Countries like Saudi Arabia, Pakistan, Bangladesh and others are far more extremely vulnerable to designer microbes than Western Countries. The West has a chance at defending itself from a bio-attack from the Muslim world. It is impossible to defend shanty-towns from a bio-attack from a vigilante cell in the Idaho panhandle. I say to the muslim countries, "go ahead, make my day!"

5/13/2008 12:39:00 PM  
Blogger jj mollo said...

There is no reason to believe that human consciousness is not just one of many possible types and intensities of self-awareness/ self-modulation/ self-programing possibilities. A conscious computer could be a very strange thing indeed.

The Chinese Room thing has engendered an incredible amount of back-and-forth. To my way of thinking, he is making an argument about soul that is far beyond what Turing was saying. If it looks like a sentient being and acts like a sentient being, then we are just going to have to treat it that way, with the caveat I describe in the first paragraph.

As far as cost issue goes, I don't think it's a crime to mention the disparity between our investmant and that of the AIF. Force projection is a very expensive deal, which is good, because we are the only ones who can reliably do it. Notwithstanding our immense economic capacity, I am a little concerned that we are developing this UAV capacity that will eventually allow our competitors to afford the same kind of toys. We should be directing the warfare of the future into more expensive channels, where few can follow. Anything that empowers third-world militaries is not to our advantage.

This super-computer modeling of economic battle-grounds is very interesting. Presumably, if reports were true, that by now it should be a long-standing economic cold war, where arm wrestling over essential commodities is going on all the time. I know that counterfeiting has been used as a weapon against us. Maybe there is something to the cyberwar hype as well. It seems, perhaps incorrectly, that oil is the only thing that really matters today. Megan McArdle was discussing discrepancies in the demand vs. production analysis of oil. Someone suggested that there was oil hoarding going on in the Gulf. Would that tell you something about an impending invasion, or maybe concerns about the PRC. Too much data! If the US govt is really housing all these great secrets, there's no way to understand anything that's happening.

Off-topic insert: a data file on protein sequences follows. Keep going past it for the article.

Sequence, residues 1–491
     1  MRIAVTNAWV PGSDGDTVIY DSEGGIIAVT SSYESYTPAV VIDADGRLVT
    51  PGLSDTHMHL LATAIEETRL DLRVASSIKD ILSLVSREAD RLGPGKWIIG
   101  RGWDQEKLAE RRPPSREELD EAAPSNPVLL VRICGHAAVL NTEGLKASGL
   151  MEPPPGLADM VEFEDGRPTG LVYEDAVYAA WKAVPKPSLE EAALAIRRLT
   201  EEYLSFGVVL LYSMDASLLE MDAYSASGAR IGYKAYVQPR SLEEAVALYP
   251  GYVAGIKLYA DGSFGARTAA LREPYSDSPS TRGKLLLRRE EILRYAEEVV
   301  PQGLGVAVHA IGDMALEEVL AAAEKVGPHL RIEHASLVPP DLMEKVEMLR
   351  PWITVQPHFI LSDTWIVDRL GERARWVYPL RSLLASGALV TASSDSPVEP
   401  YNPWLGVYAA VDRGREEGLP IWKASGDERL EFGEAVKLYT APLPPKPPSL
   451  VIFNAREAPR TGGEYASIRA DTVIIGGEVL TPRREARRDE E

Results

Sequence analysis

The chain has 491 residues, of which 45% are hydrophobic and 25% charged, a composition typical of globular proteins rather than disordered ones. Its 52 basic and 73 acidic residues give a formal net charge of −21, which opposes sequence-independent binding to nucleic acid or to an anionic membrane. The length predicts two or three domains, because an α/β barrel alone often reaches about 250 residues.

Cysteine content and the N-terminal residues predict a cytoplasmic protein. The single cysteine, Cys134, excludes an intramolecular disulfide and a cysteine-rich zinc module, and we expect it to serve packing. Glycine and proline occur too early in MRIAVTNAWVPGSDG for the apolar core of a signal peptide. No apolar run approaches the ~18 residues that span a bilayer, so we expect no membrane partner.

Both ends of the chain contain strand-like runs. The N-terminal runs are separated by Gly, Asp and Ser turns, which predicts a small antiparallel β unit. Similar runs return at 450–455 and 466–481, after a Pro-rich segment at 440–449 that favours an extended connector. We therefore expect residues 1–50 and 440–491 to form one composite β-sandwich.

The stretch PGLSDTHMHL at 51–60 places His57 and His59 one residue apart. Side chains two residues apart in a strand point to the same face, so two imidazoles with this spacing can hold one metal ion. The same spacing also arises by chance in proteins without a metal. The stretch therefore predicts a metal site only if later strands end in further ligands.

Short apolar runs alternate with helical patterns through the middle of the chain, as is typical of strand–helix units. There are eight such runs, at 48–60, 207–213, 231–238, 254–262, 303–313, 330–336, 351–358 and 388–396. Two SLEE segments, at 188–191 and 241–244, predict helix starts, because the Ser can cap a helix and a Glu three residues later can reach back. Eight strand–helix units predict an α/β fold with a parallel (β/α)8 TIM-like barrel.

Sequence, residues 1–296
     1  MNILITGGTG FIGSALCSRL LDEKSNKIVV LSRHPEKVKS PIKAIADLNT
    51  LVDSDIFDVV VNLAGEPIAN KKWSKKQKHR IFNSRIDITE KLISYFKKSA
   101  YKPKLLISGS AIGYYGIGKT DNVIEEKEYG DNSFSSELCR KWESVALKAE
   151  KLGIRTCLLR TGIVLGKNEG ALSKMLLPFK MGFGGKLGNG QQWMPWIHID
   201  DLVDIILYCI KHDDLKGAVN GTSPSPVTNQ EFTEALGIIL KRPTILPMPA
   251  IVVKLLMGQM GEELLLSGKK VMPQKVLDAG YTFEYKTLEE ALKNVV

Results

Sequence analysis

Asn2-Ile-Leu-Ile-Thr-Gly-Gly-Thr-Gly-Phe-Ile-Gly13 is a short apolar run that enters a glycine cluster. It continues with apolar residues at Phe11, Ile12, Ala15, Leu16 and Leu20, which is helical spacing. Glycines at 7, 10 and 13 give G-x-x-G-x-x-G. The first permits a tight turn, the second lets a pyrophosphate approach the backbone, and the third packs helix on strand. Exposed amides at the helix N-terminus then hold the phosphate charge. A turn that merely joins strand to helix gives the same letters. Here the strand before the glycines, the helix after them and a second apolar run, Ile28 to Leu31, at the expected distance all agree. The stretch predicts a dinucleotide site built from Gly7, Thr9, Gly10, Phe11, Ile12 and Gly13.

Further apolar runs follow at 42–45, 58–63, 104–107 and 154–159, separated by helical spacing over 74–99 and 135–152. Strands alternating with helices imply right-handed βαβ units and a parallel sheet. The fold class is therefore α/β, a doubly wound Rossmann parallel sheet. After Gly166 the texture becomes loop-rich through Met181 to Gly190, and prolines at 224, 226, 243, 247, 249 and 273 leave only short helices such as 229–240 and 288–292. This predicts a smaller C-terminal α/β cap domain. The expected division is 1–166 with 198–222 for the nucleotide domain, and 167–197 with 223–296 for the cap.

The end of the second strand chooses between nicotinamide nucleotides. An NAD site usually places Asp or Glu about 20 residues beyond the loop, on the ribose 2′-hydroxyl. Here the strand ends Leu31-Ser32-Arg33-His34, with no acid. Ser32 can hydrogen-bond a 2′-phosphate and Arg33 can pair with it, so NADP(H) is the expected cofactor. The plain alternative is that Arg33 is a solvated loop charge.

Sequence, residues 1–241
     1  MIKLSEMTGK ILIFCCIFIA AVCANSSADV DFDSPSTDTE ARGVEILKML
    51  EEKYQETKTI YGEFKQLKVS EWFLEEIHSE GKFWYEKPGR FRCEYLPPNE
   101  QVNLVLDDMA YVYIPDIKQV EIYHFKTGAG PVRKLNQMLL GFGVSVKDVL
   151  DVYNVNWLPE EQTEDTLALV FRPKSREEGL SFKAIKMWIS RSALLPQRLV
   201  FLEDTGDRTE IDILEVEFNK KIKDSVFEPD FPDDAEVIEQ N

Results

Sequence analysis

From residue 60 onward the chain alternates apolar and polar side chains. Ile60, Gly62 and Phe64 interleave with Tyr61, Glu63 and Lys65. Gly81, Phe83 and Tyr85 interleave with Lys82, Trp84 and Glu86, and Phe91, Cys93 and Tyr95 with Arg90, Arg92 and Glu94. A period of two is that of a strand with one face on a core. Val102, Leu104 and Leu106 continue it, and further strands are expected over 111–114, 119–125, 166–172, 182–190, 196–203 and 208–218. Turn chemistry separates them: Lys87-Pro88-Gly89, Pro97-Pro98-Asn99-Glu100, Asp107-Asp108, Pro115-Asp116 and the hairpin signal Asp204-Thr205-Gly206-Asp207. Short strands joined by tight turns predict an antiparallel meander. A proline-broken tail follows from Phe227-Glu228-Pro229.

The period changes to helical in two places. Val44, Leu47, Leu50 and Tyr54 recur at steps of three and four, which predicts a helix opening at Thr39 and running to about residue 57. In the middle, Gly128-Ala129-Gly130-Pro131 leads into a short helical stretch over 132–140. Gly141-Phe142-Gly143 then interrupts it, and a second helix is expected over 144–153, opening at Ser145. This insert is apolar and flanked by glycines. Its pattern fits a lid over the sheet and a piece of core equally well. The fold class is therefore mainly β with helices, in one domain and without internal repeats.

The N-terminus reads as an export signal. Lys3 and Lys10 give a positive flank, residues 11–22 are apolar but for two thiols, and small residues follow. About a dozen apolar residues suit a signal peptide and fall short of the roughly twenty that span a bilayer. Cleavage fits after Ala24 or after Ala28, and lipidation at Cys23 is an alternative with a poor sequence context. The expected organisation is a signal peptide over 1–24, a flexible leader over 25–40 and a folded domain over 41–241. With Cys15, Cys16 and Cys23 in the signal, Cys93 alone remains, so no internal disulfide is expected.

5/13/2008 01:34:00 PM  
Blogger Wretchard said...

Cost of sniper FREE.

Creating insurgents is an expensive business. If they were free there would be so many more of them. The economics of terrorist warfare are well understood because terrorism is an explicit tool used by many countries throughout the world. Suicide bombers are especially expensive because there are long lead times for recruitment.

However, like the US military budget, many of these expenses are concealed as other costs. Funding madrassas, scholarships, payouts for familie. Patronage on a vast scale. Saddam, for example, had scholarships for "promising" fighters. I'm sure Syria and Iran do too.

But the biggest cost of all is the implicit one of destroying the society that produces the sniper. That's why Gaza, for example, is a shithole. Creating a society which can produce a "free sniper" is paid for by making the society more or less dysfunctional. For that reason, societies which produce these "low cost" weapons are normally starving, backward and without the slightest prospect of progress.

5/13/2008 01:41:00 PM  
Blogger jj mollo said...